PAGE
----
Principal Investigator: Philippa Cumberland
Department: Institute of Child Health
Institution: University College London (UCL)
UCL Institute of Child Health
Centre for Epidemiology & Biostatistics
There are major gaps in our epidemiological knowledge about the visual health of adults in the UK. This project will conduct a cross-sectional and longitudinal (life course) analysis to investigate the biological, social and lifestyle factors, across the life span, that are associated with visual function and the risk of sight impairment. We also aim to investigate the general and mental health, social factors and ethnic diversity of adults with impaired sight in the UK Biobank with a view to identifying risk factors that can be modified or biological processes and pathways that would merit further research to develop new treatments. Our findings will also provide information to support current advocacy for equitable and appropriate allocation of resources for individuals with impaired vision. Specifically, using short-sightedness (myopia), as a model of ‘complex’ eye disease (i.e. influenced by genes and the environment) we will investigate these complex relationships between myopia and a diverse range of risk factors over the life course. This project is also linked to genetic investigations of myopia within UK Biobank. This project requires baseline data for the whole cohort on eye measures, lifestyle and psychosocial factors, blood pressure, body impedance and medical conditions.
The Cohort and Longitudinal Studies Enhancement Resource (CLOSER) is a programme of work which aims to maximise the use and impact of UK cohort studies using data harmonisation across datasets as well as cross-cohort analyses. As the group leading the ‘Eyes and Vision’ theme funded as part of the original MRC/ESRC/BiS grant for CLOSER, we have now started to pull together the studies to include within this programme. The 3 specific aims for our work package within this programme, as listed below, reflect the aims of our current application (no. 699) to UK Biobank.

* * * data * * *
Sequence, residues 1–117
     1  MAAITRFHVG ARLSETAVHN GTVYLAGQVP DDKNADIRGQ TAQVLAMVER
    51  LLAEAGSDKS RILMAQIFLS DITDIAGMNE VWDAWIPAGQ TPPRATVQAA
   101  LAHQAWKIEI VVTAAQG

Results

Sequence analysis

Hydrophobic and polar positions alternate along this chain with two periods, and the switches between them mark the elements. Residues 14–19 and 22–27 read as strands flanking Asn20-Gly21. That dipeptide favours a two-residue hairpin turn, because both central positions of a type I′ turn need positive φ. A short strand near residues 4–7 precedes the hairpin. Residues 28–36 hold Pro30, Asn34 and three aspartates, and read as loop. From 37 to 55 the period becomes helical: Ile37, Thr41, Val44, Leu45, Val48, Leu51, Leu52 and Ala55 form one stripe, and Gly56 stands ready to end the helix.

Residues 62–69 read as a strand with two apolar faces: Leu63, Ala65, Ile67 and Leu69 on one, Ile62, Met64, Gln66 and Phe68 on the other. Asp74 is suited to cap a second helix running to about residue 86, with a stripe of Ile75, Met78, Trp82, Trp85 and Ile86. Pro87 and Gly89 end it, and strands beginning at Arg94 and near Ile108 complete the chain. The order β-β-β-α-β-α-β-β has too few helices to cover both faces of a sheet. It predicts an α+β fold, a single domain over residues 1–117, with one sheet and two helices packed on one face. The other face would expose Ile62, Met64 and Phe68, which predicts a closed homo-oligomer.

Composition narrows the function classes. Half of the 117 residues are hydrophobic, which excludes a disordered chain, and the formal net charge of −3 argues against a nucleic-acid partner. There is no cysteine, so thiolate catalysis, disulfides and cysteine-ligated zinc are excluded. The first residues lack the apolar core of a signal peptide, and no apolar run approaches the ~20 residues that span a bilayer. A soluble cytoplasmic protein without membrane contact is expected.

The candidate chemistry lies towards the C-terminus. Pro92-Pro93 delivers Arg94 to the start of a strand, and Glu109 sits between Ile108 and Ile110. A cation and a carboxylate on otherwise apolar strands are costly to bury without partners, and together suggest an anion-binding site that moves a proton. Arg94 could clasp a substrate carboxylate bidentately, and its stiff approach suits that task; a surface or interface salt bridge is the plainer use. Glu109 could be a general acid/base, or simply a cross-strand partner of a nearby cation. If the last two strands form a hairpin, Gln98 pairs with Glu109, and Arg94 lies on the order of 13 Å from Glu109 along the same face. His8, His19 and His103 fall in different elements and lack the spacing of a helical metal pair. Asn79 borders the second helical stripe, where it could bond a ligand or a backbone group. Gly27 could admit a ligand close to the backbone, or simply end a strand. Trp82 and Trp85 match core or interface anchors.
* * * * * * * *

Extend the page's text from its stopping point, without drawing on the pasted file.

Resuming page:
- Scientific theme on refractive error.
We will apply lifecourse epidemiological approaches to investigate biological, environmental and lifestyle risk factors influencing the development of refractive error. We will investigate the health and social outcomes associated with refractive error. We will assess cohort effects to understand changes over time in both risk factors and outcomes. Finally we will investigate the utility of self-report on refractive error (using the cohorts with both physical measures and self-report) so to make recommendations regarding its future use.
- Scientific theme on visual function:
We will apply lifecourse epidemiological approaches to investigate biosocial factors influencing visual function/visual health. We will investigate the health and social outcomes associated with impaired visual health/function. We will assess cohort effects to understand changes over time in both risk factors and outcomes. Finally we will investigate the utility of self-report alone on visual function and ophthalmic conditions, (using the cohorts with both physical measures and self-report) so as to make recommendations regarding future use of self-report.
- Methodological theme.
We aim to undertake harmonisation of ophthalmic measures across all the national cohorts/studies comprising the 1946, 1958, 1970 birth cohorts, Millennium cohort, ALSPAC and Understanding Society. Bio-physical measures of vision (distance, near and stereo acuity measures and colour vision) and refraction will be harmonised together with the extensive self-reported data on visual function and ophthalmic disorders in each of these cohorts.
This will draw on and extend the forward harmonisation of self-report and physical measures within 1958 birth cohort that we (Rahi et al) built into UK Biobank.
All the main UK birth and other cohorts are part of CLOSER. We and Alison Parks (new Director of CLOSER) are keen to be able to include UK BIOBANK within our research programme. We think this will add value to both UK BIOBANK and CLOSER and provide a productive working example to illustrate/facilitate possible further collaborations between UK BIOBANK and CLOSER in other topic areas.